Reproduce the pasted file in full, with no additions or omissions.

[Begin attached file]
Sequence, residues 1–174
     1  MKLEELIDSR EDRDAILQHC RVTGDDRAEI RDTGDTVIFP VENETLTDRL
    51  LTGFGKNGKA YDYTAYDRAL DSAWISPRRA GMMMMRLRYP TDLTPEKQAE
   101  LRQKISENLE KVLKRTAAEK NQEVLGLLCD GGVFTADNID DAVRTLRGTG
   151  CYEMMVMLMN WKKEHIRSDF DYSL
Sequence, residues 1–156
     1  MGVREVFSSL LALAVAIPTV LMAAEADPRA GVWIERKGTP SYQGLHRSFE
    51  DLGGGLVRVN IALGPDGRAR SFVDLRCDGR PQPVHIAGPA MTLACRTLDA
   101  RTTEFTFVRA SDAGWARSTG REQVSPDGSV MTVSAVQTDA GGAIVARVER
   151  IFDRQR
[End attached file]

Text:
Sequence, residues 1–174
     1  MKLEELIDSR EDRDAILQHC RVTGDDRAEI RDTGDTVIFP VENETLTDRL
    51  LTGFGKNGKA YDYTAYDRAL DSAWISPRRA GMMMMRLRYP TDLTPEKQAE
   101  LRQKISENLE KVLKRTAAEK NQEVLGLLCD GGVFTADNID DAVRTLRGTG
   151  CYEMMVMLMN WKKEHIRSDF DYSL
Sequence, residues 1–156
     1  MGVREVFSSL LALAVAIPTV LMAAEADPRA GVWIERKGTP SYQGLHRSFE
    51  DLGGGLVRVN IALGPDGRAR SFVDLRCDGR PQPVHIAGPA MTLACRTLDA
   101  RTTEFTFVRA SDAGWARSTG REQVSPDGSV MTVSAVQTDA GGAIVARVER
   151  IFDRQR